Novartis’ Top Attorney Falls on $1.2 Million Sword, Resigns from the Company
The first Novartis executive has fallen in the wake of the $1.2 million payment to President Donald Trump’s attorney for consulting work. The company’s top attorney has resigned from his position, taking full responsibility for the payments that have raised plenty of questions about influence peddling.
This morning Swiss-pharma giant Novartis announced Felix R. Ehrat, the Group General Counsel of Novartis, has retired from the company. The company said his decision was due to the “context of discussions surrounding Novartis' former agreement with Essential Consultants, owned by Michael Cohen (Trump’s attorney).” Calling the payments to Cohen an error, Ehrat said he takes “personal responsibility” for the deal in order to “bring the public debate on this matter to an end." Ehrat though, stressed that the deal with Cohen was legally in order.
With Ehrat falling on the proverbial sword in the matter, Novartis’ board of directors and chief executive officer praised him for his tenure at the company. Vas Narasimhan, who took over as CEO of Novartis earlier this year, said Ehrat played a “key role in the Executive Committee with his proven expertise.”
“Furthermore, he was a dedicated representative of the company's interests in important national organizations such as economiesuisse, SwissHoldings and Avenir Suisse. The Novartis leadership owes him considerable thanks for his many contributions and wishes him all the best in his future endeavors,” Narasimhan said in a statement.
While Ehrat may be taking responsibility for the payments, the matter is hardly closed. Novartis has been dogged by kickback schemes in multiple countries, including here in the United States. That specter has been hanging over the company in the wake of the news of the $1.2 million payment.
Washington lawmakers have reached out to the company demanding answers to why Cohen was chosen as a possible consultant, which his firm was listed as a real estate company. Also, lawmakers have pointed out that the funds provided to Cohen are about half of what the company spent on its lobbying efforts in Washington last year – about $2.5 million, according to federal records. Lawmakers, led by Oregon Sen. Ron Wyden, have called for an investigation into the payments and is demanding to know what the company received for its payments – tangible or intangible.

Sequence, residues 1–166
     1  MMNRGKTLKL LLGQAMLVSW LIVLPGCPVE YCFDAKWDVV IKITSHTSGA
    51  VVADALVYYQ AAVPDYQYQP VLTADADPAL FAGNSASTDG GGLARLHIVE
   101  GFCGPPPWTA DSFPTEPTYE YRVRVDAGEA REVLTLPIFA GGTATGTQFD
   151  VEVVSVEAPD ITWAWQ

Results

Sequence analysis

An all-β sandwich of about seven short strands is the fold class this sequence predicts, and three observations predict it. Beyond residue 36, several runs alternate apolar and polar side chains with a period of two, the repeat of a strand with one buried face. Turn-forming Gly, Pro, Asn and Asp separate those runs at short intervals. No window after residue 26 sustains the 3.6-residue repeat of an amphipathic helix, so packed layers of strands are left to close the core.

Novartis entered into a deal with Cohen in February 2017 for one-year of consulting work at $100,000 per month. The company said it believed Cohen, a longtime associate of Trump, could advise the company on how the Trump administration could approach healthcare policy matters, including the Affordable Care Act. However, Novartis said after the first meeting with Cohen it determined that the Trump attorney would be “unable to provide the services that Novartis had anticipated related to U.S. healthcare policy matters.” The company said it was still obliged to pay him the $100,000 per month due to the terms of the contract.
Novartis’ former CEO Joe Jimenez has yet to be heard from since the news of the payments broke. Jimenez was CEO when the deal with Cohen was struck and there are numerous reports that company executives have been laying the blame for the public relations nightmare at the feet of the former CEO.
The company said Shannon Thyme Klinger, who is currently Chief Ethics, Risk and Compliance Officer, will be appointed Group General Counsel on June 1.